Before Lucy and her husband adopted, through fostering for adoption, their biggest concern was around the impact on their other daughter Beth (a young teenager) and how she would manage this big life change.
Lucy is a social worker and tells us their family’s adoption story…
My husband and I had always talked about adoption, as I had grown up in a house where my parents fostered throughout my childhood so it always felt like a natural thing to do.
As a social worker, I also have had lots of experience of the children who are placed for adoption. We were lucky to have all this experience as it made adoption a positive choice for us when we couldn’t have a birth child. My husband was already a father with his daughter, Beth, living with us. He had always wanted more children so it was an open discussion in our house.
Before we adopted our biggest concern was around the impact on Beth, as a young teenager, and how she would manage this big change in our lives. Along with this we worried about how we would be able to meet the needs of a teenager and a young child (who had experienced trauma).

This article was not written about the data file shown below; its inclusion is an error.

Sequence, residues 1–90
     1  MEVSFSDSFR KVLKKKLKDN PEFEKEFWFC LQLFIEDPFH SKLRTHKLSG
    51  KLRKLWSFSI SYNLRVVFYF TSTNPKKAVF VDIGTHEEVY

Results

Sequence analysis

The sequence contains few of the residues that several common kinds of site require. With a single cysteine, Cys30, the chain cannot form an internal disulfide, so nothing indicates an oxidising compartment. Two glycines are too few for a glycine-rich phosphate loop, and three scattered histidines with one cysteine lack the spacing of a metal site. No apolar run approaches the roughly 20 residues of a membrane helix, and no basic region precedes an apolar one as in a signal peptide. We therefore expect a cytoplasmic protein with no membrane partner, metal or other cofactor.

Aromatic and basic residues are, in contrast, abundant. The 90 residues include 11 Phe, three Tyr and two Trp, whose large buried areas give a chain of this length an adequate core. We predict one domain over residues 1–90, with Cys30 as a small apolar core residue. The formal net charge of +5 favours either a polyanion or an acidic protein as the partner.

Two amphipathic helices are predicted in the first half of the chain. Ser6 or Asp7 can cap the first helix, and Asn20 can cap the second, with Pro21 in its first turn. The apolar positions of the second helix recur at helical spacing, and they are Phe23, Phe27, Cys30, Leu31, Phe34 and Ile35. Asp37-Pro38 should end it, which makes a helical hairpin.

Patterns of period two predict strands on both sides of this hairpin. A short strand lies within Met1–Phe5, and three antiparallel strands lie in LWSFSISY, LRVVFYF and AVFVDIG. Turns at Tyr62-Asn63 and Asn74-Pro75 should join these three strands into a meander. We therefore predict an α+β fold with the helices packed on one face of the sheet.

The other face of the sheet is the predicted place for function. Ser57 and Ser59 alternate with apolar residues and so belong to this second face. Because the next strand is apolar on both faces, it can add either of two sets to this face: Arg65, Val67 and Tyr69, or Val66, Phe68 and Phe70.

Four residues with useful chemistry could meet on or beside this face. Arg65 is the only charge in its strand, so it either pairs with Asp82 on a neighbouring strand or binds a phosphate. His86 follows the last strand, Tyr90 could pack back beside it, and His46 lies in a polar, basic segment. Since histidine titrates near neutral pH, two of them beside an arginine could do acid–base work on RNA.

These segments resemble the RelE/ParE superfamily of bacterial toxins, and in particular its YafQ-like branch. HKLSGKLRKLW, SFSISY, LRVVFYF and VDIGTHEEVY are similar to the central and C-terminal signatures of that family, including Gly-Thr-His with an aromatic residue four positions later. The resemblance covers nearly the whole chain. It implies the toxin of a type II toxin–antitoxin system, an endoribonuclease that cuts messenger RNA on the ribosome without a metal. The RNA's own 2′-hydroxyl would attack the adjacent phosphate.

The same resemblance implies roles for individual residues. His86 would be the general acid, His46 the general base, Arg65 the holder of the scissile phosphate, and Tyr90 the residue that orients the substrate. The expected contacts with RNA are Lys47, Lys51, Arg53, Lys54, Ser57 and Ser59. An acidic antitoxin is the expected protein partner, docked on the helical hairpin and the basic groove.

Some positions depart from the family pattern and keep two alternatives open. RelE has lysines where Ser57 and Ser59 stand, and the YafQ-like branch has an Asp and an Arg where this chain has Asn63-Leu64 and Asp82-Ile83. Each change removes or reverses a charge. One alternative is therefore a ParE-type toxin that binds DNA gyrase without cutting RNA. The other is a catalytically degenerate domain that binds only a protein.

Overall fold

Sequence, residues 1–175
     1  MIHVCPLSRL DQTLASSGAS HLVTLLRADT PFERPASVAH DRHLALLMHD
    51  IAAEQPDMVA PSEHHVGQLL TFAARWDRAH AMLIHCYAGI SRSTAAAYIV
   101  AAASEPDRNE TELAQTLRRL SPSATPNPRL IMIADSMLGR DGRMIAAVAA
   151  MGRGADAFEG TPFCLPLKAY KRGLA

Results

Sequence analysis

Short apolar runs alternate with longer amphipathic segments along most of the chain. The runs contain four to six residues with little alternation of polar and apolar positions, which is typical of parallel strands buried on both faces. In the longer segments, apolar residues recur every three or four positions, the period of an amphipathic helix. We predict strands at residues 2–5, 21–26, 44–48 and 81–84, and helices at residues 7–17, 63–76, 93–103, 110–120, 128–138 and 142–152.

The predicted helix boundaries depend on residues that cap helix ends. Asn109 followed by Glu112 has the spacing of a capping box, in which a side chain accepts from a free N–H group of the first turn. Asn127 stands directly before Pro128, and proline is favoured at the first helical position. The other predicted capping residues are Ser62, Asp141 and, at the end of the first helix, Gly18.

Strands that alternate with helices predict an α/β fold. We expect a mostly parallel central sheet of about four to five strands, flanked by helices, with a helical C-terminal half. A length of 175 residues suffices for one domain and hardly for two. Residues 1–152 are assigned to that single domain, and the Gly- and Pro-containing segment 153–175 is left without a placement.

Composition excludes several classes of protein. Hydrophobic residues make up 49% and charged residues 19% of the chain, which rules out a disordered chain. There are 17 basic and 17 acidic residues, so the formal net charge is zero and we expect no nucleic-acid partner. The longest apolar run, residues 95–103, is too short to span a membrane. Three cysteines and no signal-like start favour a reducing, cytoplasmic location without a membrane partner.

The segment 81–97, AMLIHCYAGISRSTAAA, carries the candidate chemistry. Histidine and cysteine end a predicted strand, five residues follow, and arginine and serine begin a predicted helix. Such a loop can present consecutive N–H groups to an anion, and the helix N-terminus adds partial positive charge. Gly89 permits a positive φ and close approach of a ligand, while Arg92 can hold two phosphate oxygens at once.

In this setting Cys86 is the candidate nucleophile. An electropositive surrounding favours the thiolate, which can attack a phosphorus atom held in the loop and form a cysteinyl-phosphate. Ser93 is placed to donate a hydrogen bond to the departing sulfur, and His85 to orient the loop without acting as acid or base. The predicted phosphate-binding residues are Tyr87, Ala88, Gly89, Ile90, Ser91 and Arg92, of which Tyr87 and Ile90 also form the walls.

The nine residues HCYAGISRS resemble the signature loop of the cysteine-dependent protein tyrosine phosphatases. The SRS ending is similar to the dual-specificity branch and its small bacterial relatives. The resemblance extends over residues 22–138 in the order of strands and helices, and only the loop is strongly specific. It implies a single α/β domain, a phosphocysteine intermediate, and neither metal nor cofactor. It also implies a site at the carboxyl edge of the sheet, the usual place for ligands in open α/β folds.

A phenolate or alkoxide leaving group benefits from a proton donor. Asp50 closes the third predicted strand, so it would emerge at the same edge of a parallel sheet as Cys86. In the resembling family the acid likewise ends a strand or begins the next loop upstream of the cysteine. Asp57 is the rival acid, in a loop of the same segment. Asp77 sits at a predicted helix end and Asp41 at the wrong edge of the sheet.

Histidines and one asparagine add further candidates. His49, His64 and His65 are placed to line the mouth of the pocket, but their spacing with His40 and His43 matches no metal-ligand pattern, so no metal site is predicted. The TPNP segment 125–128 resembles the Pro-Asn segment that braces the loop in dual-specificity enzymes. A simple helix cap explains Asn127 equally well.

Throughout our assessment we were clear that we did not wish to consider fostering for adoption, as this would not be fair on Beth – if a child was placed with us only to then return to their birth family.
It was only towards the very end of our assessment, and speaking to our extended family, that we realised that we needed to be more open to fostering for adoption because our reasons for saying ‘no’ were due reasons (as adults) and we had not fully considered the child.
We spoke at length with Beth, as did our assessing social worker and extended family members, to ensure she was fully on board and aware of the risks. In the end, we realised it was not about the process but instead about the child we were going to adopt and what we could offer.
We were clear that the best decisions would be made for a child, and if the child did have to return to their birth family, we were resilient enough to manage this. Ultimately, fostering for adoption meant that a child could come to us earlier and have fewer carers and less disruption, which would be better for them and therefore in all our interests.